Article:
But Democrat funders don’t want to support a candidate who’s committed to radical climate emergency action. And suddenly, from a leadership position in the polls, the two top contenders, Elizabeth Warren and Bernie Sanders, are under ‘friendly’ fire for being ‘too extreme.’ Big-money backers hope someone else (besides the 20+), maybe a billionaire, steps in and takes their input.
Suspect any talk about ‘moderation,’ ‘incremental steps,’ or that old favorite, ‘two sides of the aisle,’ being repeated everywhere by a parroting media. Like, ‘the impeachment is a sham,’ or the never-casual use of the word ‘lynching’ by the president, these buzz expressions are crafted by an elite of conspirators who use them to rally bases while hedging their bets in case it all goes South.
Yes, it’s time for front runners to come up with a few ‘back of the envelope’ solutions to most urgent issues affecting Americans, and be off to the races. Turn them into a repeatable chorus, as Republicans do with great efficacy, or take the time to emphasize the likely long-term consequences of reelecting a president who broke the bank, er, the budget, and ran away with the cash.
Once again, neoliberal wet dreams got badly dashed in Argentina as President Mauricio Macri ends a particularly disastrous one-term administration. But Alberto Fernández, who’s set to replace him and his vice, former President Cristina Kirchner, do not represent too much of a change; they’re both Peronistas, as in dictator Juan Perón, the ideology that ruled Argentina for decades.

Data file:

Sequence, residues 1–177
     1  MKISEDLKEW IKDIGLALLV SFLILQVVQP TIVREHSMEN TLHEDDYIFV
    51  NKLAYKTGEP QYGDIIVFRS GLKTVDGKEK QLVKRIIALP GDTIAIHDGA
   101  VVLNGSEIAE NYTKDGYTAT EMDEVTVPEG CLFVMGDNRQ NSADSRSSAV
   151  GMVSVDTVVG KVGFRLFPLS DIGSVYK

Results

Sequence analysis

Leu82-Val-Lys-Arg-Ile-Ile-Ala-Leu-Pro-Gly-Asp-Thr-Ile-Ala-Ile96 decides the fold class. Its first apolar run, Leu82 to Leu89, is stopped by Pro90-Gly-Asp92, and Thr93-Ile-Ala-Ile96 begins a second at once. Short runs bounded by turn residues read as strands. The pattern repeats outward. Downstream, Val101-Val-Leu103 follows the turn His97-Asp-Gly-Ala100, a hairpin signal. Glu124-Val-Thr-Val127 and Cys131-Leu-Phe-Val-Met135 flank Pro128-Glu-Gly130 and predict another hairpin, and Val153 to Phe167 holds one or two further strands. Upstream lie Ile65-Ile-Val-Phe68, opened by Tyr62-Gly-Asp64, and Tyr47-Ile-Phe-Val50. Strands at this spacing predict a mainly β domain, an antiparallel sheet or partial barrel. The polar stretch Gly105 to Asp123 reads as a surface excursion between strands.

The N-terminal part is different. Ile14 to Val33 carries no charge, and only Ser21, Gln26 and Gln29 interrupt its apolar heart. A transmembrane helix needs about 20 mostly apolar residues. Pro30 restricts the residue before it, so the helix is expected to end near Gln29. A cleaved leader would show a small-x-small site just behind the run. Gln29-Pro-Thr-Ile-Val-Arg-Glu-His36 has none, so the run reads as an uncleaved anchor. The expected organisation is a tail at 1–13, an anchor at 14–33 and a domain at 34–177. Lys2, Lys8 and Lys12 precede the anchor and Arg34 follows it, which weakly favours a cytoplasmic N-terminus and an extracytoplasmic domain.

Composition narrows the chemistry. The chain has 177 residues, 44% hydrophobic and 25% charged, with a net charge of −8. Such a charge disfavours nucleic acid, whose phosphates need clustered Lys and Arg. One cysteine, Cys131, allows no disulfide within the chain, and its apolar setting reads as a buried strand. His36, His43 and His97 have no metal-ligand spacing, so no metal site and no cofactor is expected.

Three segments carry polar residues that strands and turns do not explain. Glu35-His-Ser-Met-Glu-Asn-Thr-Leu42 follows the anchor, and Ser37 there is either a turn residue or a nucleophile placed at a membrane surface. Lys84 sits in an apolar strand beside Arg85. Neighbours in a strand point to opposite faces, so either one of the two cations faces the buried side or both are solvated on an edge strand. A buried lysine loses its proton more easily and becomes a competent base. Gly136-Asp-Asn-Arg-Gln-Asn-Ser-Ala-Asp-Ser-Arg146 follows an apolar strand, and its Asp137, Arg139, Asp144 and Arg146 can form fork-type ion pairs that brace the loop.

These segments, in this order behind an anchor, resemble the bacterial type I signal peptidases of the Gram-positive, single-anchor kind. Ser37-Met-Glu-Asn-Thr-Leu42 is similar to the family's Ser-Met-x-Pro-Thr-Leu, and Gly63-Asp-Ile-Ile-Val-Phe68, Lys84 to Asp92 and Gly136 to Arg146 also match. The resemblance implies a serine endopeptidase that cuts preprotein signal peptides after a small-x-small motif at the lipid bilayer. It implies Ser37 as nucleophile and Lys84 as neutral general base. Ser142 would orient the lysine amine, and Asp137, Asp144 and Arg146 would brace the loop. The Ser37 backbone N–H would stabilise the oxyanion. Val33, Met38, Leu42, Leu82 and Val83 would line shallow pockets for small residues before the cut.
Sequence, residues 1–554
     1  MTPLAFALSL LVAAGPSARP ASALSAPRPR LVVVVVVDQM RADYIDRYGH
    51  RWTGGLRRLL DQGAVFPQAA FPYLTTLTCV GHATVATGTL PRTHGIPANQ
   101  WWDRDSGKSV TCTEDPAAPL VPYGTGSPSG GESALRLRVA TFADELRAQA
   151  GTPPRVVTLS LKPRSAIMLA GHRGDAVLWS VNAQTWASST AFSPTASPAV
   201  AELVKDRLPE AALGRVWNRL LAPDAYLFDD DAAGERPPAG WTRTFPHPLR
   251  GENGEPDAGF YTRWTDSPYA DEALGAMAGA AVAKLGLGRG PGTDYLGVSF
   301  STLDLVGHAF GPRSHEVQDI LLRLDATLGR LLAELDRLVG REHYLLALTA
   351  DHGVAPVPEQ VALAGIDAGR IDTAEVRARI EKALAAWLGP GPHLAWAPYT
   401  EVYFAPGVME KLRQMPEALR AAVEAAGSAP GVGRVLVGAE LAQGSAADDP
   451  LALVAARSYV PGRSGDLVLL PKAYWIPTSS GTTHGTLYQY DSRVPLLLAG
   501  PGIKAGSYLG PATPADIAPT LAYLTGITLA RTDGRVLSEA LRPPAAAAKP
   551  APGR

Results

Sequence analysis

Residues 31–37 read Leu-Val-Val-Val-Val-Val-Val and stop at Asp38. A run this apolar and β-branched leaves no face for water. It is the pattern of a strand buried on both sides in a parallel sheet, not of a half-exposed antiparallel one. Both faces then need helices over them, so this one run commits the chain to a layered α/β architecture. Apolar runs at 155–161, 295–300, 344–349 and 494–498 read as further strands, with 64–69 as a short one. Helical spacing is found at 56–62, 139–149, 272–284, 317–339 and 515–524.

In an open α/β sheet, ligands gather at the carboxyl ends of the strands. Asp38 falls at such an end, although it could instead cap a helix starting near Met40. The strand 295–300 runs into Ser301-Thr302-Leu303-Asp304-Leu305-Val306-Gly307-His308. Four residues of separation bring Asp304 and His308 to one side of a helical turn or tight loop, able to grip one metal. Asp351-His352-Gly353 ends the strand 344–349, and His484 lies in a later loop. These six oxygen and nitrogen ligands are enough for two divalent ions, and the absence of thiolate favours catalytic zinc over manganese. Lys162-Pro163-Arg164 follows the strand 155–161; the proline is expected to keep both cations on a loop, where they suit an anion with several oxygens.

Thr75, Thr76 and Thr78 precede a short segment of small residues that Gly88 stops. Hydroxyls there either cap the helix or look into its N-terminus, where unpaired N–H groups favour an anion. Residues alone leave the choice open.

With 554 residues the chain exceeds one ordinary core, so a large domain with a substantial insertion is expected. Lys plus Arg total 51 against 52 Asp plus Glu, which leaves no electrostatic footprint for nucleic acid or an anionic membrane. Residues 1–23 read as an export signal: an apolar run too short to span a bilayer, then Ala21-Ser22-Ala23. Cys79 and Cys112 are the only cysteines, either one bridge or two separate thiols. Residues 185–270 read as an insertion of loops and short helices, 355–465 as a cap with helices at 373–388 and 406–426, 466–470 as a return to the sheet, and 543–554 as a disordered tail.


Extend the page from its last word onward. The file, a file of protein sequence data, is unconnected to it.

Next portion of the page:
A different picture is next-door Uruguay, which’s been the continent’s most consistent success story. Daniel Martínez is on track to maintain the unbroken string of leftist presidents, which started in 2005 with the election of ex-political prisoner José Mujica. Running again for the Senate, Mujica remains popular and still enjoys support for his brand of socialism by many Uruguayans.
As for the ‘sleeping giant,’ as it’s mentioned on the lyrics of its hymn, Brazil has found a hole enough to sink in, and there seems to be no end to the suffering of its majority poor. A special interests-driven ‘reform’ of social security has increased the retirement age and mandatory contributions of workers while exempting the military, the political class, and hundreds of Bolsonaro lackeys.
Halloween is upon us, as well as the aforementioned Dia de Los Muertos which jumped frontiers and now it’s an integral part of the playful holiday worldwide. Ghosts and goblins will show up on Thursday as scheduled. But today’s focus is on a monument that has grown with the country, and proves its relevance by simply standing there: it’s the Statue of Liberty’s 133rd Anniversary.
‘Give me your tired, your poor, your huddled masses yearning to breathe free, the wretched refuse of your teeming shore,’ as goes the Emma Lazarus poem dedicated to the statue, reflects the compassionate spirit of Americans. It’s also a timeless message to navigate this dark age. Today is a great time to meditate on the meaning of those words and recommit to those values. Cheers. WC